Digestion of 14C-labelled condensed tannins from Desmodium intortum in sheep and goats

Perez-Maldonado, R. A. and Norton, B. W. (1996) Digestion of 14C-labelled condensed tannins from Desmodium intortum in sheep and goats. British Journal of Nutrition, 76 4: 501-513. doi:10.1079/BJN19960059

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Author Perez-Maldonado, R. A.
Norton, B. W.
Title Digestion of 14C-labelled condensed tannins from Desmodium intortum in sheep and goats
Formatted title
Digestion of 14C-labelled condensed tannins from Desmodium intortum in sheep and goats
Journal name British Journal of Nutrition   Check publisher's open access policy
ISSN 0007-1145
Publication date 1996-10-01
Sub-type Article (original research)
DOI 10.1079/BJN19960059
Open Access Status File (Publisher version)
Volume 76
Issue 4
Start page 501
End page 513
Total pages 13
Place of publication Cambridge, United Kingdom
Publisher Cambridge University Press
Language eng
Formatted abstract
An experiment was conducted to investigate the metabolism of condensed tannin (CT) in sheep and goats offered a mixture of Digitaria decumbens (700 g/kg) and Desmodium intortum (300 g/kg) hay. Radioactive 14CO2 was used to label CT in young growing desmodium plants, [14C]CT was extracted, purified and infused intraruminally, and the metabolism of [14C]CT was followed in the rumen and lower digestive tract of both species. Digestion of DM, organic matter (OM), cell-wall constituents (CWC), N and the efficiency of rumen microbial synthesis were determined using a continuous intraruminal infusion of 51Cr EDTA, YbCl3 and Na235SO4. The measurements taken for sheep and goats respectively were: intake, 21 and 30 g/kg0.9 per d; digestibilities (g/g) of DM, 0.566 and 0.505; OM 0.578 and 0.508; neutral-detergent fibre, 0.584 and 0.532; and acid-detergent fibre, 0.535 and 0.435. None of these measurements was significantly different (P > 0.05) between animal species. There was an apparent net gain in Lignin across the rumen and whole intestinal tract for both animal species (19 and 29% for sheep and goats respectively). There were no significant differences between sheep and goats (P > 0.05) detected for any measurements of N excretion and utilization. The overall efficiency of N digestion and utilization was also similar between species. The routes of CT metabolism mere compared for both colorimetric estimates (butanol-HCl) of dietary CT (DCT) and the specific radioactivity of [14C]CT in digesta (abomasum) and excreta (urine and faeces) of both sheep and goats. [14C]CT showed total losses of 57 and 56% in sheep and goats respectively whilst losses of DCT of 71 and 70% were detected with butanol-HCl in sheep and goats respectively. The apparent losses of DCT across the rumen of sheep and goats were 12 and 9% whilst higher losses (49 and 42% for sheep and goats respectively) were observed for [14C]CT. Losses of DCT in the lower intestinal tract accounted for 69 and 71% of the total CT leaving the abomasum. By comparison, only 40 and 35% of [14]CT was lost during intestinal passage in sheep and goats respectively. It was concluded that the infused free [14C]CT interacted with DCT and entered the protein and fibre-bound DCT pools. The loss of DCT during passage through the intestines was considered to be a consequence of either absorption of free CT or the degradation products of CT. It was assumed that free CT arose in the lower gastrointestinal tract from protein-CT and fibre-CT dissociation to be digested and/or absorbed. The higher recoveries of [14C]CT in faeces (32 and 35%) compared with DCT (27 and 26%) for sheep and goats respectively) were associated with the excretion of [14C] degradation products or conjugates which were not reactive to butanol-HCl. It was concluded that both methods (butanol-HCl and labelling CT with 14C) detected a substantial disappearance of CT (free, protein, and fibre-bound) during metabolism in the gastrointestinal tract in sheep and goats.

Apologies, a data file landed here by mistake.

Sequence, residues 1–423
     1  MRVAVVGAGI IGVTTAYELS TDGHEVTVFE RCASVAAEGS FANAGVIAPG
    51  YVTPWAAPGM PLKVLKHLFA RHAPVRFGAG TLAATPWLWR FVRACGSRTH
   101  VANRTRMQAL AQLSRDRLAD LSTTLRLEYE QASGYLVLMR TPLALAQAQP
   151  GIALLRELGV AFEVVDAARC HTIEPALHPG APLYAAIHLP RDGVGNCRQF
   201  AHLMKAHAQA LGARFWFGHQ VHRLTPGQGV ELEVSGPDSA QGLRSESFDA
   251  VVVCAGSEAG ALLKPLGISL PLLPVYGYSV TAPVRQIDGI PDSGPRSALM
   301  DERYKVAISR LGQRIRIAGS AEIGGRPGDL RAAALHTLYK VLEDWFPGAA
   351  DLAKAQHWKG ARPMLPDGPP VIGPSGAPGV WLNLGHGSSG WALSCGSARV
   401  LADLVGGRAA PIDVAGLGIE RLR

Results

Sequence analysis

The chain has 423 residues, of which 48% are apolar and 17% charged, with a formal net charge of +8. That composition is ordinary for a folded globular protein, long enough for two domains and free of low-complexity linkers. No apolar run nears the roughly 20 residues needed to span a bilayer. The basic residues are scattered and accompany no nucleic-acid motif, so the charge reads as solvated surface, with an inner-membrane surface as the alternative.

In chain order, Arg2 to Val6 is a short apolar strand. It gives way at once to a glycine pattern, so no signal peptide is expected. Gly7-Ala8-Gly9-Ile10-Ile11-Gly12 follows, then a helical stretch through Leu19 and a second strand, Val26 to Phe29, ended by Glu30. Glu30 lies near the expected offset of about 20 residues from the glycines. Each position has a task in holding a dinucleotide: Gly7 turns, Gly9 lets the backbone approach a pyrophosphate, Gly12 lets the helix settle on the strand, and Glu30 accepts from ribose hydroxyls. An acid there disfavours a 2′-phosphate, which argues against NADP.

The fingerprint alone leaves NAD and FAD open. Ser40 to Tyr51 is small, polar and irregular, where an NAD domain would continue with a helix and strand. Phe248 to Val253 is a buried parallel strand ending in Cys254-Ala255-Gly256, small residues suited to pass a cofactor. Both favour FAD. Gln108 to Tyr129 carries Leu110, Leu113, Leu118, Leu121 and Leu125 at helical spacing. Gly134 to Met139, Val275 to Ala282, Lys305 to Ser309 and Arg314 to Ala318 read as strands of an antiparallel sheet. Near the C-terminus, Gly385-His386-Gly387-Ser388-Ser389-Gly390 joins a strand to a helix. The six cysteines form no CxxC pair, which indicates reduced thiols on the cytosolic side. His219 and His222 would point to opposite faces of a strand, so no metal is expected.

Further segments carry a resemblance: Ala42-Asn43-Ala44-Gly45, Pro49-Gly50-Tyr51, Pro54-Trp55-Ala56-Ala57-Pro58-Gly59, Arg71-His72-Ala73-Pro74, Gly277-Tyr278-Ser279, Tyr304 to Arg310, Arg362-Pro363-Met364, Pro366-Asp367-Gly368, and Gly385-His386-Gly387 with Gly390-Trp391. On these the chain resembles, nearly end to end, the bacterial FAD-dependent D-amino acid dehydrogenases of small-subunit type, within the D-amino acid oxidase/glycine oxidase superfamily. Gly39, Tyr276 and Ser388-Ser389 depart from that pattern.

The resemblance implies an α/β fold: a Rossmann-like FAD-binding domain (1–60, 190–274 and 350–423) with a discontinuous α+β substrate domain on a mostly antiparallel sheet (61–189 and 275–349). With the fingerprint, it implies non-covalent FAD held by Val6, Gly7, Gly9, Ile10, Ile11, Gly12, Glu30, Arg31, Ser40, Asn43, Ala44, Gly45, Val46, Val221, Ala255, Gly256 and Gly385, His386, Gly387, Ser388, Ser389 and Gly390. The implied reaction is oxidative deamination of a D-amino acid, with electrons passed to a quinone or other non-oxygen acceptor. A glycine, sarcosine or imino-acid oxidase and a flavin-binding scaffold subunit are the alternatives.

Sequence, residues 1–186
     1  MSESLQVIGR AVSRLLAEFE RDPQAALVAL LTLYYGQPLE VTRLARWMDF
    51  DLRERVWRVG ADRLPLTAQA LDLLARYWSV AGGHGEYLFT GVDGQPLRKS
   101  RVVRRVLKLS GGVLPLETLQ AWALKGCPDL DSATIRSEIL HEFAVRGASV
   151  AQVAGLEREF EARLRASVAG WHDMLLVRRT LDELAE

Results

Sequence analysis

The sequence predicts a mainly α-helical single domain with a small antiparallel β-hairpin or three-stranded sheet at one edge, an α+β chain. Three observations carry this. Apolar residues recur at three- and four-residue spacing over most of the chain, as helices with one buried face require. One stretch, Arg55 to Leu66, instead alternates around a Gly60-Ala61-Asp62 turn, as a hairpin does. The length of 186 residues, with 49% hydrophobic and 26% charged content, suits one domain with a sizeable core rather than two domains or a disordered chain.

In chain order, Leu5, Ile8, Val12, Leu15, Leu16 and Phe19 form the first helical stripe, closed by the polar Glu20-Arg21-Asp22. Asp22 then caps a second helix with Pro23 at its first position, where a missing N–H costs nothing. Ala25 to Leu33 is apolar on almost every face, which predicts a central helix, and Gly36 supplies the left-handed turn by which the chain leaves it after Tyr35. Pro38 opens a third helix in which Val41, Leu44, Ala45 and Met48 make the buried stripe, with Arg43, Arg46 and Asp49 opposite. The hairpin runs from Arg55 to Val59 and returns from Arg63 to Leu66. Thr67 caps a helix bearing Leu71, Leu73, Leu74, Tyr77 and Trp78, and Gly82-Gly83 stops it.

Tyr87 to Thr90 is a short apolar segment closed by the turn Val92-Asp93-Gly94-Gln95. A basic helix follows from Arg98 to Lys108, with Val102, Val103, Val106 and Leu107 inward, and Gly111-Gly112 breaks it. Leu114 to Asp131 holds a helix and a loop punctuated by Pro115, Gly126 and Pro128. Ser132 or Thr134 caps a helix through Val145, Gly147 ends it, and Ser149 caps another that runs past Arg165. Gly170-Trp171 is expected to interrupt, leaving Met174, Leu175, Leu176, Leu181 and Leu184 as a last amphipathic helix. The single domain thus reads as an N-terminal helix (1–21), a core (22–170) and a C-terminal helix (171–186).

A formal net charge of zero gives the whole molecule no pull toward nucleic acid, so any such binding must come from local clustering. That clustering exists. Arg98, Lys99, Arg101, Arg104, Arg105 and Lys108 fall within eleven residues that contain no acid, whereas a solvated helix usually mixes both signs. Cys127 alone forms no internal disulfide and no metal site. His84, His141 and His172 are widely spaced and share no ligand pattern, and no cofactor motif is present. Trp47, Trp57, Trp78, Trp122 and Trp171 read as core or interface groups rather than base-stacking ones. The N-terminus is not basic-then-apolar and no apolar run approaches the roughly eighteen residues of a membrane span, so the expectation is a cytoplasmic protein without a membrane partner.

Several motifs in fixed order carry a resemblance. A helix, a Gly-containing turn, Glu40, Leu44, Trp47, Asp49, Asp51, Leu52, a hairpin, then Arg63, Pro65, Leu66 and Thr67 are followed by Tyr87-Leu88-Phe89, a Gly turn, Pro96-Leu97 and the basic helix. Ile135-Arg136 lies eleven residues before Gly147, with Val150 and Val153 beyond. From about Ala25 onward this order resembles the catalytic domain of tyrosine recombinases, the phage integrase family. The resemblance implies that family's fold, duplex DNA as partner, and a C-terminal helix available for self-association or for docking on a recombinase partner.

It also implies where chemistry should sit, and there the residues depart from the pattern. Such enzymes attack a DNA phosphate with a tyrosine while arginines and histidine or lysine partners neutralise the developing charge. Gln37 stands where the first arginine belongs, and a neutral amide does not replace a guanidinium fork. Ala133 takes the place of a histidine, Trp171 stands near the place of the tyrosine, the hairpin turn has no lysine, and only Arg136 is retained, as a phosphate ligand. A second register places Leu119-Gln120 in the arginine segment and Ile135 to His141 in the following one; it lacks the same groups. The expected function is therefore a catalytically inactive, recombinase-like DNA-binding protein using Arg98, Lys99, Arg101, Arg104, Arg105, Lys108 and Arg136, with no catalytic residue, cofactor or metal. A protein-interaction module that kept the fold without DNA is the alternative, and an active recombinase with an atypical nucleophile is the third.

Keyword Condensed tannin
Tannin metabolism
Q-Index Code C1
Q-Index Status Provisional Code
Institutional Status UQ

Document type: Journal Article
Sub-type: Article (original research)
Collection: School of Agriculture and Food Sciences
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